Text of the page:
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Recently I spent the day at the beach watching people learning to surf. One of the people learning to surf was a blind girl. It was very inspiring as she learned to balance on the board. She probably fell off of the surfboard a few dozen times before she successfully stood and balanced on it. And when she finally succeeded she let out a cry of joy.
Learning is a funny thing. It’s not something that can always be neatly packaged. Real learning isn’t a one-time event (like many elearning courses) where it’s just a matter of getting new information. Instead it’s an iterative process where you do something, get feedback to evaluate, make adjustments, and do it again.
E-learning courses are an intrusion to the natural learning process. With good planning, it’s a welcome intrusion because we can compress time and create cost-effective and repeatable learning events. For example, if I was training operating room techs on setting up an operating room in the real world there’s the cost of pulling a room offline for training, coordinating staff, and maintaining a sterile environment and tools.
But in an elearning course, I have a room and equipment that is always available. If someone fails or needs more time, they have it. That’s one of the good things about elearning. The challenge though is to craft a great learning experience.
Adult Learners Don’t Like to Fail
Going back to the blind surfer, it takes a lot to fall down and continue getting up. I saw plenty of other surfers give up after a few tries. Few people like to fail and then do so publicly. This is especially true of adult learners.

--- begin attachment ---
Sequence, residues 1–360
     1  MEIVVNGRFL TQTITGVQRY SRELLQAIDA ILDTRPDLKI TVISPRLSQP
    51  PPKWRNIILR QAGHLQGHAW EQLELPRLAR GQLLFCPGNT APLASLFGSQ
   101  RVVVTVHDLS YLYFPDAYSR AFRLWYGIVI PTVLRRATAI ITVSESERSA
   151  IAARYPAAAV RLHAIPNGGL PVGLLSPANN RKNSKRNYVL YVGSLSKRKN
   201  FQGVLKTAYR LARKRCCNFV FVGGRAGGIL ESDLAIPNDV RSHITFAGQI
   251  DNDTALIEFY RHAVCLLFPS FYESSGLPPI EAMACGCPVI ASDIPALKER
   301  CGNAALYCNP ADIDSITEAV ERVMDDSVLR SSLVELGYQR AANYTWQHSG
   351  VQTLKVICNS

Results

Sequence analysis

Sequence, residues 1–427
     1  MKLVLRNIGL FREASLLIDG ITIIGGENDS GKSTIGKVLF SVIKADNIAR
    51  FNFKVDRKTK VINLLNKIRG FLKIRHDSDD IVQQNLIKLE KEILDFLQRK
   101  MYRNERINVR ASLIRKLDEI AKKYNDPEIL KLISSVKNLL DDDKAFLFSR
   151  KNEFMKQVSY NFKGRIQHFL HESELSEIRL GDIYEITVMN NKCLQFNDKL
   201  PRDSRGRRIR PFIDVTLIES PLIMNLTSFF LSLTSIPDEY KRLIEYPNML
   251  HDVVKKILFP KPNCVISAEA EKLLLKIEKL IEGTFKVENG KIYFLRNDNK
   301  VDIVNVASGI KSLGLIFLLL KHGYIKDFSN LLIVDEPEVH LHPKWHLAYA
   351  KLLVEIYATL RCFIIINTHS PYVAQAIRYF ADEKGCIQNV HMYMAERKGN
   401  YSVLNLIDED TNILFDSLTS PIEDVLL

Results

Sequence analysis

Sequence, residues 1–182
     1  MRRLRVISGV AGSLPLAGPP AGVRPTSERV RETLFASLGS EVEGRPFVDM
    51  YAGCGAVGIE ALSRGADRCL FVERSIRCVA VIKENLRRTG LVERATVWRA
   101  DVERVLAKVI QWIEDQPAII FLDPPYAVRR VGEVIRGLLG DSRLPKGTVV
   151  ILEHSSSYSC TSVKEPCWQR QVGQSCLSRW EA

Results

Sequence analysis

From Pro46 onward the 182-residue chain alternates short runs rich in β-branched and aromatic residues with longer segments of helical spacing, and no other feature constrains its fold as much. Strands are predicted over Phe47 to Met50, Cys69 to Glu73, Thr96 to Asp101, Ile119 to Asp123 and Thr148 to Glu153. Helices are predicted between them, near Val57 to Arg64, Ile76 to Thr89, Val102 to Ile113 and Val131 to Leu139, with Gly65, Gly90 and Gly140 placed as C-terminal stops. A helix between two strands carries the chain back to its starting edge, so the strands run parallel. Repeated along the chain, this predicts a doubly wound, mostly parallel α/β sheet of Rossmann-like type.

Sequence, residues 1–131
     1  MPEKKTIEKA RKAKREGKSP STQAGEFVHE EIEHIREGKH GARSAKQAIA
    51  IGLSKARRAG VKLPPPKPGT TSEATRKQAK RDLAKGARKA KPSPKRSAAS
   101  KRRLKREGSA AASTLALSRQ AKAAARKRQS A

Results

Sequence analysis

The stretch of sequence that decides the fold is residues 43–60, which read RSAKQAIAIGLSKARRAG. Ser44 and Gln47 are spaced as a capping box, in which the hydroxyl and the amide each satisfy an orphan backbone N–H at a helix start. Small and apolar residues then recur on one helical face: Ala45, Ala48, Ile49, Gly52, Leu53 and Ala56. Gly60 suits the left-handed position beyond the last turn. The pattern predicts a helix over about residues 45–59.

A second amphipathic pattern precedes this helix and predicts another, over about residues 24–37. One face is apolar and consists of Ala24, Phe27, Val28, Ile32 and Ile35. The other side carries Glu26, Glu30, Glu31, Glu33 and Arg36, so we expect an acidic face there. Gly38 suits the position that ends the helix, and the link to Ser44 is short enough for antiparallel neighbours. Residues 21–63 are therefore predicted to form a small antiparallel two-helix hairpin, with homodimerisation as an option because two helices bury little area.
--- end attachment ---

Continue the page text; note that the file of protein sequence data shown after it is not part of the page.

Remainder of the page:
Elearning presents a great opportunity to let people fail (or practice becoming successful) in private and in a safe environment. Unfortunately a lot of elearning fails to exploit this opportunity with our need to score and track everything.
As learners, our culture conditions us to avoid failure. Typically our grading systems reward successful test taking more than successful learning. Because of this, we’re motivated to pass tests and getting good scores and not always focused on the learning process.
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This video explores the cerebral cortex and the nerve cells that lie within it. Learn how these specialized cells use neurotransmitters to communicate with one another.
This video looks at the neurological basis of higher brain function. Learn how different human behaviors and functions can be isolated to specific areas of the brain, and how with the help of imaging techniques like MRI we can visualize brain activity in a way that gives insight into how the brain functions and allows scientists to develop treatment methods for various mental illnesses in the future.
2SLEEP1 is a playlist of audiovisual performances in text mode, designed to make you fall asleep. The idea is to show the music being composed in real-time along with typewriter-style animations.
Both the music interface and the graphics are built up from text symbols. This means that the (graphical) objects can work together with the (musical) instructions, on a visual level. Vank is a first rough test of this and Matsamöt makes a similar thing, without the improvisation. Finally, Echidna is a silent movie with semi-live music.